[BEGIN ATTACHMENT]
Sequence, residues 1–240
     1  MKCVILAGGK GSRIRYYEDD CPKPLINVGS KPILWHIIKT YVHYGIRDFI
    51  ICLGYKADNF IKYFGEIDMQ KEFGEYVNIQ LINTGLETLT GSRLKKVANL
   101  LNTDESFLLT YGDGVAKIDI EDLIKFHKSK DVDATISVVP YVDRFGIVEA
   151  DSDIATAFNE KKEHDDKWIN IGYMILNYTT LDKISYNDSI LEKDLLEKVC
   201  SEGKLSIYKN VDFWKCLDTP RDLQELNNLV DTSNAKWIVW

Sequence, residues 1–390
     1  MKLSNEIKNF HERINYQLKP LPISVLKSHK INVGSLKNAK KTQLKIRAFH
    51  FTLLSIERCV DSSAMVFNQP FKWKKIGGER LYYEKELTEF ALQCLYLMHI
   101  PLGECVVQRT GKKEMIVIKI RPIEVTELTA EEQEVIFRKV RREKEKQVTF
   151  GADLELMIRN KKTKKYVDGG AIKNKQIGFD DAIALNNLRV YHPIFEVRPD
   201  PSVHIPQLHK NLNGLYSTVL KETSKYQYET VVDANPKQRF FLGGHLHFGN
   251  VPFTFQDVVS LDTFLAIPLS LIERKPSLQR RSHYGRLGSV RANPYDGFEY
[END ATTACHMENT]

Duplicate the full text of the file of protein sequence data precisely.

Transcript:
Sequence, residues 1–240
     1  MKCVILAGGK GSRIRYYEDD CPKPLINVGS KPILWHIIKT YVHYGIRDFI
    51  ICLGYKADNF IKYFGEIDMQ KEFGEYVNIQ LINTGLETLT GSRLKKVANL
   101  LNTDESFLLT YGDGVAKIDI EDLIKFHKSK DVDATISVVP YVDRFGIVEA
   151  DSDIATAFNE KKEHDDKWIN IGYMILNYTT LDKISYNDSI LEKDLLEKVC
   201  SEGKLSIYKN VDFWKCLDTP RDLQELNNLV DTSNAKWIVW

Sequence, residues 1–390
     1  MKLSNEIKNF HERINYQLKP LPISVLKSHK INVGSLKNAK KTQLKIRAFH
    51  FTLLSIERCV DSSAMVFNQP FKWKKIGGER LYYEKELTEF ALQCLYLMHI
   101  PLGECVVQRT GKKEMIVIKI RPIEVTELTA EEQEVIFRKV RREKEKQVTF
   151  GADLELMIRN KKTKKYVDGG AIKNKQIGFD DAIALNNLRV YHPIFEVRPD
   201  PSVHIPQLHK NLNGLYSTVL KETSKYQYET VVDANPKQRF FLGGHLHFGN
   251  VPFTFQDVVS LDTFLAIPLS LIERKPSLQR RSHYGRLGSV RANPYDGFEY